Works Cited:

Booth, N.B. (2009). English as a Second Language (ESL) learning communities: An approach to retaining ESL students in a community college. Rutgers the State University of New Jersey.

Burdett, B.E., & National Association of Independent Schools, B.A. (1967). Foreign language teaching- A Review of current problems. Retrieved from EBSCOhost.

Celce-Murcia, M. (2001). Teaching English as a Second or Foreign Language. Boston, MA: Heinle & Heinle.

Flood, J. (2003). Handbook of Research on Teaching the English Language Arts. Psychology Press.

Teaching Disadvantaged Adults There Are
Words: 1337 Length: 4 Pages Document Type: Essay Paper #: 5331319
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As a result they are often excluded from the mainstream and from being productive members of society.

I feel that it is not only ethically and morally important to help these individuals but that it also makes economic and social sense to assist those who are disadvantaged to receive a better education and advance their potential in life.

I also believe that we should be careful to consider the fact that adult education is an area that requires a very different approach and involves different modes of understanding, as well as the use of appropriate techniques, when dealing with the various categories of disadvantaged adult. For example, in terms of those adults who are disadvantaged with regard to education backlogs, one has to realize that they often face a number of unique and specific problems; such as the fact that many will have families, children and work commitments, which make…

References

Moore, M.G., & Kearsley, G. (1996). Distance Education: A System's View.

Belmont, CA: Wadsworth.

Motivating Disadvantaged Adult Learners. Retrieved July 5, 2009 from http://ujop.cuni.cz/page/en/dalsi/presentations/MoDAL-basic%20idea.ppt.

Incidental teaching. Retrieved July 5, 2009 from Incidental Teaching.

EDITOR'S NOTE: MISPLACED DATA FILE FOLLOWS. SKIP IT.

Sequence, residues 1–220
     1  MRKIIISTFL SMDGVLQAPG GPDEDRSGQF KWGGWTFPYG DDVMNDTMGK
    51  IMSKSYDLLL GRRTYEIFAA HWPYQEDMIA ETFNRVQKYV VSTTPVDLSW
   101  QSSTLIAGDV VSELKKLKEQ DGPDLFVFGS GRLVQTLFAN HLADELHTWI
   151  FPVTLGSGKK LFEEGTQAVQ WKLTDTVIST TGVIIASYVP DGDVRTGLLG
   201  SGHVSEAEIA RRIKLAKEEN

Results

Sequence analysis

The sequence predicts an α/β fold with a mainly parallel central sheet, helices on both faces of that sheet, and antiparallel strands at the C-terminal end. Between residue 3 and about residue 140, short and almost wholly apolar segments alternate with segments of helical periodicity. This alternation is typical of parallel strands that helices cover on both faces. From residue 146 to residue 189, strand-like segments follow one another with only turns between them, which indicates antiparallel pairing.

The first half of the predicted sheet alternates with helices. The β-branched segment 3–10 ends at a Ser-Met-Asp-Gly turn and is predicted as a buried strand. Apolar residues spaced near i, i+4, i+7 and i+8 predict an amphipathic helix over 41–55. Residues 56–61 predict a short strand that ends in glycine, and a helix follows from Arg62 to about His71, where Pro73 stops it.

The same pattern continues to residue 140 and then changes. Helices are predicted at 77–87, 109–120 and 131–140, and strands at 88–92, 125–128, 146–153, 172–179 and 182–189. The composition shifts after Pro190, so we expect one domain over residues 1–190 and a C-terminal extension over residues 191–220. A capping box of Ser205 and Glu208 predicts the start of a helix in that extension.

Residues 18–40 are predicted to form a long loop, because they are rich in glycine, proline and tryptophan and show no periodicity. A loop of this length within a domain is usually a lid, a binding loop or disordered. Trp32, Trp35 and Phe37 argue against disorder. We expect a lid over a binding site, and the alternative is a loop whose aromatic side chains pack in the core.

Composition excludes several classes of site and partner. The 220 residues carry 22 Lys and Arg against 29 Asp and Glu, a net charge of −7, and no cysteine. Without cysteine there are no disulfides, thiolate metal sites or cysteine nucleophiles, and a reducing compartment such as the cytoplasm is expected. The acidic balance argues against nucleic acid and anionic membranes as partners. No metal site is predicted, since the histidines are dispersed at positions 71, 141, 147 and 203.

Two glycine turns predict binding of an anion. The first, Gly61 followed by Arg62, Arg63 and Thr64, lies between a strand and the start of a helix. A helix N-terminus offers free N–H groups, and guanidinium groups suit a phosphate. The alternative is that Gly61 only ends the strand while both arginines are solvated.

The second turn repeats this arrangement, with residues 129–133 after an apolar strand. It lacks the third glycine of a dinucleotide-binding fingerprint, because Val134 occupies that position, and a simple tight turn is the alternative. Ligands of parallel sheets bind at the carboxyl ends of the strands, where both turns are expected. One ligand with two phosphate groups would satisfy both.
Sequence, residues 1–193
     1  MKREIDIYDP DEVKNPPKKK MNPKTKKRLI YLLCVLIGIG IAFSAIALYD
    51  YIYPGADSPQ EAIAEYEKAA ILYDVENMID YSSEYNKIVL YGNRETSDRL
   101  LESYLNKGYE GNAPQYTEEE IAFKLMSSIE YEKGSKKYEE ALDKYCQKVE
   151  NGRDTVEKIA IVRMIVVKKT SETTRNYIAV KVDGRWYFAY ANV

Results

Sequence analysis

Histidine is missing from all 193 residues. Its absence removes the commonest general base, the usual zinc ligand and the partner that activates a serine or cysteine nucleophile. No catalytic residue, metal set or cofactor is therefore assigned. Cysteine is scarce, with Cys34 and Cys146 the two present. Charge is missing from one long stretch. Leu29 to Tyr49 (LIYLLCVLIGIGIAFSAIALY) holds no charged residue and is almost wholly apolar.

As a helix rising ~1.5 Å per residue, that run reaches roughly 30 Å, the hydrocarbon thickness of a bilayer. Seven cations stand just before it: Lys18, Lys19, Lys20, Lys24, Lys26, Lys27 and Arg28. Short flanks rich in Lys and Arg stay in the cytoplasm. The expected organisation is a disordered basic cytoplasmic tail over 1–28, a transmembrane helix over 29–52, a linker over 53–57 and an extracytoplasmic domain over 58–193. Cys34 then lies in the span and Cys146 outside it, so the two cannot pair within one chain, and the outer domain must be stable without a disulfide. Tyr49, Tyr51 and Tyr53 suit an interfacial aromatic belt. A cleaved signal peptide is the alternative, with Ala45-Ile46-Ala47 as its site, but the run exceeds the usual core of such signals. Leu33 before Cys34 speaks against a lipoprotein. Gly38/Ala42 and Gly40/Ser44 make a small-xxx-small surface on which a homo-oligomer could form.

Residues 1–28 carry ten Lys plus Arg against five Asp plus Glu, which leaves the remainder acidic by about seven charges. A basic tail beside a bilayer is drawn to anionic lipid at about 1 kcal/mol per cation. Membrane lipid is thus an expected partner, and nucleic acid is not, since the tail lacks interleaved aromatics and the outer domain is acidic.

Teaching Diversity in the Classroom in Recent
Words: 710 Length: 2 Pages Document Type: Research Paper Paper #: 45141781
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Teaching Diversity in the Classroom

In recent decades it has become increasingly important that educators understand the importance of multicultural education. Given that society has become more pluralistic and diverse, there is a need for a curriculum that focuses on diversity. This research proposal recognizes that diversity can and should be taught, and proposes a methodology for doing so.

This project reviews the literature on teaching diversity. Achieving diversity in higher education involves a wide range of approaches. Teaching diversity includes the need to recruit and maintain a diverse student body, as well as faculty, and to provide instruction to a diverse group of students, provide an inclusive curriculum that reflects the contributions of non-Western and minority groups, and to teach so as to critically examine the humanities and the professions from perspectives of groups that have been marginalized.

The Center for Instructional Diversity in Research divides strategies for diversity…

Bibliography

Banks, J.A., Cookson, P., Gay, G., Hawley, W.D., Irvine, J.J., Nieto, S…Stephan, W.G. (2001). Diversity within unity: Essential principles for teaching and learning in a multicultural society. The Phi Delta Kappan, 83(3), 196-198, 200-203. Retrieved from: http://www.jstor.org/stable/20440100

Center for Instructional Diversity in Research. (2008). Inclusive teaching. University of Washington. Retrieved November 9, 2011 from: http://depts.washington.edu/cidrweb/inclusive/diversify.html

Center for Teaching. (2011). Diversity & inclusive teaching. Vanderbilt University. Retrieved November 9, 2011 from:  http://cft.vanderbilt.edu/teaching-guides/interactions/diversity/ 

Davis, B.G. (1993). Tools for teaching. San Francisco: Jossey-Bass

Teaching Elementary Math Baker John
Words: 440 Length: 1 Pages Document Type: Term Paper Paper #: 2158272
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Additionally, teachers provide information on upcoming math topics so tutors can come more fully prepared" (Baker, Riet & Clendaniel, 2006: 1).

The program demonstrates how an elementary school's mathematics education can be enhanced by a good tutoring program. The program helped inject fun into the discipline of mathematics, provided personalized attention to struggling students, featured 'previewing' critical material to be covered the next day in class, had less structured break/snack time so students had time to 'digest' new material (no pun intended), and the tutors worked closely with the student's regular teachers. The tutors also said that they learned a great deal that would serve them well in their own classrooms while working with the teachers, and also from their students. Supervising university observers of the tutors noted they had fewer absences in their classes than non-participants. Finally, the program made effective use of community outreach, as it merged the…